BFNA Title: Trachybryum
Author: W. B. Schofield 
Date: March 19, 2008
Edit Level: R 
Version: 1

Bryophyte Flora of North America, Provisional Publication
Missouri Botanical Garden

BFNA Web site:


Return to Home



XX. Trachybryum (Brotherus) W. B. Schofield, J. Hattori Bot. Lab. 31: 222. 1968  *  [literally “rough moss”]

Camptothecium sect. Trachybryum Brotherus in Engler & Prantl, Nat. Pfl. 1(3): 1140. 1980.

W. B. Schofield

Plants robust, forming loose mats, usually yellow-green but in deep shade often dark green, glossy. Stems prostrate, with central strand, densely terete-foliate, regularly to irregularly (and remotely in grassy habitats) pinnate branched in one plane, flattened when wet, coiling upward when dry; branches pointed to strongly attenuate; axillary hairs 4--5-celled; juvenile branch leaves acuminate. Stem leaves imbricate when dry, erect, ovate-lanceolate to lanceolate, broadest in proximal 1/10 leaf length, gradualy tapered along most of its length and rather shortly acuminate, very slightly tapered to base, very shortly decurrent, slightly concave, strongly plicate, margins plane or recurved at places, entire or with sparse, indistinct blunt teeth; costa strong, extending nearly to leaf tip, often with 1--2 teeth at end; basal cells near costa in 2--3 rows shorter and wider, with strongly incrassate and porose cell walls; cells just proximal to decurrency somewhat broader, rectangular, thick-walled, forming a small, more or less distinct group not reaching leaf margin or sometimes indistinct; mid leaf cells very narrow, linear, smooth. Branch leaves smaller and narrower than stem leaves, less attenuate, serrulate or at places almost subentire; alar cells few, often inconspicuous, median leaf cells narrow, 10--20:1. Sexual condition dioicous or phyllodioicous; sporophytes uncommon; perichaetial leaves reflexed, gradually acuminate from a sheathing base, entire or occasionally serrulate, costa weak and short, reaching to about half of basal part of leaf. Seta red-brown, rough. Capsule red-brown, horizontal, ovoid-oblong, swollen at base, tapering to mouth, curved; annulus separating by fragments; operculum long-conic; peristome perfect. Calyptra naked. Spores 19--20 \um, nearly smooth.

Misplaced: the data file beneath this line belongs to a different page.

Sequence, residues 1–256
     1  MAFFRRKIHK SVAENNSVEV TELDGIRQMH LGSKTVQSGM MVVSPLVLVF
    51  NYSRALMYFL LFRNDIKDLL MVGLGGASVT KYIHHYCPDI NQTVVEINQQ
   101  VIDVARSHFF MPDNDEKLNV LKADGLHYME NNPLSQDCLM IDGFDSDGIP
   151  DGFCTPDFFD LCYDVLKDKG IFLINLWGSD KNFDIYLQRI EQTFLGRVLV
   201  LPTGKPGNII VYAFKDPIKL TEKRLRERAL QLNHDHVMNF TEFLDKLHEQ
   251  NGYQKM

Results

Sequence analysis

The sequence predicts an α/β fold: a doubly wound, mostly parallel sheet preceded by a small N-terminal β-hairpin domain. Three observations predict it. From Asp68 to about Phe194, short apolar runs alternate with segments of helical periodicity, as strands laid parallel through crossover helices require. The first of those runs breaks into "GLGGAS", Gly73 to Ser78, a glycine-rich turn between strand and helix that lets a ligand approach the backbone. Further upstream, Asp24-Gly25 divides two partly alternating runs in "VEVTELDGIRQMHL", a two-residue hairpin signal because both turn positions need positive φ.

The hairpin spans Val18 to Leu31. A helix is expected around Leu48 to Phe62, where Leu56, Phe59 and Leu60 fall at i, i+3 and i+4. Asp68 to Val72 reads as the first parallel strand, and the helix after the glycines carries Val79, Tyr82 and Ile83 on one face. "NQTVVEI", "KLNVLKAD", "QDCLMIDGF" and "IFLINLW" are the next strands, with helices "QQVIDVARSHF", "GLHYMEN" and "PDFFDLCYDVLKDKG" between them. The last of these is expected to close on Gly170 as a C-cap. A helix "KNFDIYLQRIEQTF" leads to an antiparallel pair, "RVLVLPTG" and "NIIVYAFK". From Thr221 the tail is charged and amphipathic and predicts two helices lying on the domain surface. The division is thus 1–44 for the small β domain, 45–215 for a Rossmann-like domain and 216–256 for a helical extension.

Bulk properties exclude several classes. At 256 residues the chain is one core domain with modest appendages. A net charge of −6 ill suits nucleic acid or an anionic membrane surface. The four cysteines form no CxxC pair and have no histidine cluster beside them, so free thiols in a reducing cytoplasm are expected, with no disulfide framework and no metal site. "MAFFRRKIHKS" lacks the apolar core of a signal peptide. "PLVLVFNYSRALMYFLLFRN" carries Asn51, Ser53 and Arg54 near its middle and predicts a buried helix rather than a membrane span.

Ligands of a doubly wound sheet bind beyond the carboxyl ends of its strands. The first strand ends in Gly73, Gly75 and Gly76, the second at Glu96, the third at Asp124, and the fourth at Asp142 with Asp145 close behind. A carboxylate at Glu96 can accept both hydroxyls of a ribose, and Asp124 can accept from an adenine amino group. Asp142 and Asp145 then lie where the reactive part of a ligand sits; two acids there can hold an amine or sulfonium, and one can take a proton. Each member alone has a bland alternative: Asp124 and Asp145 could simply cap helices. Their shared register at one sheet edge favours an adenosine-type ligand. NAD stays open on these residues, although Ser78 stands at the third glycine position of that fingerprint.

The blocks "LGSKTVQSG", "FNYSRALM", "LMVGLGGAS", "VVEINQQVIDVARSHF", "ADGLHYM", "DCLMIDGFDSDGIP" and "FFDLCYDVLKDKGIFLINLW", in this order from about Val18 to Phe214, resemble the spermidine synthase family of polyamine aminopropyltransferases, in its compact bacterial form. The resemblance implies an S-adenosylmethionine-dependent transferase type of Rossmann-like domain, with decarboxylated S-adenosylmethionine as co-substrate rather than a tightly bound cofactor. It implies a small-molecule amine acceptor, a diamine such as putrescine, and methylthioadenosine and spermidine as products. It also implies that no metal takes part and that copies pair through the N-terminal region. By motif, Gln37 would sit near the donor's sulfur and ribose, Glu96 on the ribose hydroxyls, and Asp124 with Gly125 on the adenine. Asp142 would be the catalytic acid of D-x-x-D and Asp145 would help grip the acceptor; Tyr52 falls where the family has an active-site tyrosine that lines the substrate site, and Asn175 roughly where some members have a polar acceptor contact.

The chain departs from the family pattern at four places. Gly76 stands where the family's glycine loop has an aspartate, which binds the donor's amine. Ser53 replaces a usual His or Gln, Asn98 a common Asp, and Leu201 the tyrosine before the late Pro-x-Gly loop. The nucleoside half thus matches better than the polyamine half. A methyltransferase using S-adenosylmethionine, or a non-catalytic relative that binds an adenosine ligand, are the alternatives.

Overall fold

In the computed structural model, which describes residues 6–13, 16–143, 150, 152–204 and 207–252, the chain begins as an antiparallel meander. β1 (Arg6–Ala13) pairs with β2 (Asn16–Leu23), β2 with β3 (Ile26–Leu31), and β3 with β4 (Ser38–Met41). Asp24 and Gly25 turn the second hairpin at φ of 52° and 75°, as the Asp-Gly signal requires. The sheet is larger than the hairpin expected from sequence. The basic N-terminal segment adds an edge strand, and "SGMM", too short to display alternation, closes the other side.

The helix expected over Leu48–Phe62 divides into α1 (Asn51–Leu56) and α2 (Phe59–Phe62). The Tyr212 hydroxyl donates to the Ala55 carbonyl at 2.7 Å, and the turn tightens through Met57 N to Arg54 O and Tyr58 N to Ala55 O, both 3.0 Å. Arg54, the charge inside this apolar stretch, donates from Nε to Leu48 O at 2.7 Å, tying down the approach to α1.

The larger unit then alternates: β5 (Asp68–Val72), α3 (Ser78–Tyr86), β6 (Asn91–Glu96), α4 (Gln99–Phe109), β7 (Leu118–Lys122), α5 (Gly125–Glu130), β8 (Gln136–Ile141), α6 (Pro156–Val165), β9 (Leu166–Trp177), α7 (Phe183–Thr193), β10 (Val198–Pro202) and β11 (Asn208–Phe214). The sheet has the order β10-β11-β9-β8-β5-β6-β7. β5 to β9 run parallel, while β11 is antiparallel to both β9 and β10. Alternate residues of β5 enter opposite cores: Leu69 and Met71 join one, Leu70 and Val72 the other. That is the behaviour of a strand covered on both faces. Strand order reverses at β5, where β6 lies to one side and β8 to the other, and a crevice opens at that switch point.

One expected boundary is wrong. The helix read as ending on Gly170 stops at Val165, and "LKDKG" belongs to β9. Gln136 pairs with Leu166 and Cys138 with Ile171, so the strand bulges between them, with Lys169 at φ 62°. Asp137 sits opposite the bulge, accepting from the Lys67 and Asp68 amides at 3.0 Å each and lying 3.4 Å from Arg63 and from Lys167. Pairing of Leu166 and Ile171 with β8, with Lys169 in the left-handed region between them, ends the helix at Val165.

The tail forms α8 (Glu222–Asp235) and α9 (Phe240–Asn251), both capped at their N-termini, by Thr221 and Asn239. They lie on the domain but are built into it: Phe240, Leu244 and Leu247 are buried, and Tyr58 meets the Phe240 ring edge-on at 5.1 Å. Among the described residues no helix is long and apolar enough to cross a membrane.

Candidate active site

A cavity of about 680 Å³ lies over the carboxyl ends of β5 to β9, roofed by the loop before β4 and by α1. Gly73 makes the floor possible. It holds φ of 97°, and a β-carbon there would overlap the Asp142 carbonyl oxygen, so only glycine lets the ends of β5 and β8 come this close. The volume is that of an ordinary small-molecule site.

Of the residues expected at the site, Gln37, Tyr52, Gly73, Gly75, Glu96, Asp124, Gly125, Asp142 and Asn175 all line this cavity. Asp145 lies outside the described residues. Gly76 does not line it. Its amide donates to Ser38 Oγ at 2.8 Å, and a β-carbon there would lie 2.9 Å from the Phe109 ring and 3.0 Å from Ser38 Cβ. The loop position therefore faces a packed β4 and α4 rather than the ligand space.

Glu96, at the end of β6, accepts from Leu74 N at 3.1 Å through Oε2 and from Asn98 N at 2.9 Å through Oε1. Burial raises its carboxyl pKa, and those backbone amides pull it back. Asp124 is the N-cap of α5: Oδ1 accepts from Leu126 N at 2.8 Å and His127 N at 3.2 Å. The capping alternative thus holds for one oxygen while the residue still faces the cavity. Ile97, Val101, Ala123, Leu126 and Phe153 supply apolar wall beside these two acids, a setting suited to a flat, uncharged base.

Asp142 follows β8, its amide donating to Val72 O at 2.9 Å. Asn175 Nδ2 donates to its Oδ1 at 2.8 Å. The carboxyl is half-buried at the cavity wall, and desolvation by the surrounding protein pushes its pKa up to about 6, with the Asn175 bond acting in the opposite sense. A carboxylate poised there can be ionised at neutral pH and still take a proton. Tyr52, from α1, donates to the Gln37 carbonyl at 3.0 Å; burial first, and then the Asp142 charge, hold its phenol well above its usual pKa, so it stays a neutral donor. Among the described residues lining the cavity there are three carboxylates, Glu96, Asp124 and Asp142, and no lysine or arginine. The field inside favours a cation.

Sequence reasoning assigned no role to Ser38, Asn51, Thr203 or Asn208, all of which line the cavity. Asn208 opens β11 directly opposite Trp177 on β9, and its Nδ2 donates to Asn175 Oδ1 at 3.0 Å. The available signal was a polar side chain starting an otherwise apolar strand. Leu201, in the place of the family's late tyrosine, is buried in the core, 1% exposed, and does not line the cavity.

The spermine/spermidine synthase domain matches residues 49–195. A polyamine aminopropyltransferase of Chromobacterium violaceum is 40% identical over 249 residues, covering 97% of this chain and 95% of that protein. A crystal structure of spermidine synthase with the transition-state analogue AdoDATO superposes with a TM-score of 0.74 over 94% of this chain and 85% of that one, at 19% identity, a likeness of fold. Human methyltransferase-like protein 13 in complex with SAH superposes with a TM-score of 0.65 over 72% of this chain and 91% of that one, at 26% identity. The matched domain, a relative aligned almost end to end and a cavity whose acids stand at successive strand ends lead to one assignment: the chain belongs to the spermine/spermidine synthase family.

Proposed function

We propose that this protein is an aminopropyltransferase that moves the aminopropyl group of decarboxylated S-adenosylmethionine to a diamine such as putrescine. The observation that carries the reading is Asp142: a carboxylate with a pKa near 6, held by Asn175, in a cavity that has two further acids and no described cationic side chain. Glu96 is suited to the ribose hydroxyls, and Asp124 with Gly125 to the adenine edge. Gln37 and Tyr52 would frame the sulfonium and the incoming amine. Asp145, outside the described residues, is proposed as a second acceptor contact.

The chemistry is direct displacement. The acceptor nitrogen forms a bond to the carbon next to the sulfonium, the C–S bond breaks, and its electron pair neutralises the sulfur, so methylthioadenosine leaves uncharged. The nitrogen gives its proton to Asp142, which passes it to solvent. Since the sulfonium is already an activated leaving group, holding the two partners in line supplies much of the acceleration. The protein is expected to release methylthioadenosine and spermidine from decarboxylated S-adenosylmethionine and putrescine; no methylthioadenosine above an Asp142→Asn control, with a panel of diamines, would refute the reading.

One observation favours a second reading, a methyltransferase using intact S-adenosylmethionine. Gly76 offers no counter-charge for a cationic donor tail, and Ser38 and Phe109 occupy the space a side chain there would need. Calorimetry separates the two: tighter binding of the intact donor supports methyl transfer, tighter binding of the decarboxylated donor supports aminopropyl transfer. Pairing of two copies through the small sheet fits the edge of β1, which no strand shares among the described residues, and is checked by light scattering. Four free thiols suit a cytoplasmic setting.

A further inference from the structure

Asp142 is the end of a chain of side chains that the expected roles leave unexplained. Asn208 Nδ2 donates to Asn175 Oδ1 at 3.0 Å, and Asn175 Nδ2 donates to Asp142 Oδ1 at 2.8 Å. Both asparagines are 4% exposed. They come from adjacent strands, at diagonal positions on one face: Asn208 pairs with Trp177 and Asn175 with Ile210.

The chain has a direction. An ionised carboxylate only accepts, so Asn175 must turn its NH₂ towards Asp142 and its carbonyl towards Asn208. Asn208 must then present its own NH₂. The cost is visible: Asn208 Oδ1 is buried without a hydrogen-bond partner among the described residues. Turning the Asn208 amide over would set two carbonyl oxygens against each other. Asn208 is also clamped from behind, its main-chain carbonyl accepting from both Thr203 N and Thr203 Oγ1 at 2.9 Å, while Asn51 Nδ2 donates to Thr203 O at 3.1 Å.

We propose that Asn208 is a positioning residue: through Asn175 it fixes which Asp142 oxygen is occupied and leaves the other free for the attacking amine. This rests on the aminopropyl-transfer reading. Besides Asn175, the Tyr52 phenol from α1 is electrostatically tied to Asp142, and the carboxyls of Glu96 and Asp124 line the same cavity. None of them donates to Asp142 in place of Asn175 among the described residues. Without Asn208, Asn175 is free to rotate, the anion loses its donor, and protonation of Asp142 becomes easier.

Species 1: western North America.


Trachybryum is distinct in its large size, lack of rhizoids due to dense stem foliage, stem leaves that are considerably larger than branch leaves, weakly differentiated alar cells, and a distinctive ecology, occurring usually in conifer forests on litter, not on rocks and trunks as do most Homalothecium species.


SELECTED REFERENCE Lawton, E. 1965. A revision of the genus Homalothecium in Western North America.  Bull. Torrey Bot. Club. 92: 333--354.


1. Trachybryum megaptilum (Sullivant) Schofield, J. Hattori Bot. Lab. 31: 222. 1968


Camptothecium megaptilum Sullivant, Icon. Musc. Suppl., 102. 1874; Homalothecium megaptilum (Sullivant) H. Robinson


Stems 1--12 cm, branches 10--15 mm. Stem leaves 3.5--5 x 1.3--1.8 mm; basal cells near costa 30--60 x 9--12 \um wide, just proximal to decurrency 25--40 x 9--12(--14) \um; mid-leaf cells 60--130 x 4--6 \um. Branch leaves 1.8--2.5 x 0.8--1.2 mm; mid-leaf cells 50--90 x 4--6 \um. Seta 2--2.5 cm. Capsule 2--2.5 mm.


Litter in coniferous forest, among grasses in open sites, rarely logs and rocks; (60--)300-1300 m; B.C.; Calif., Ida., w Mont., Ore., Wash.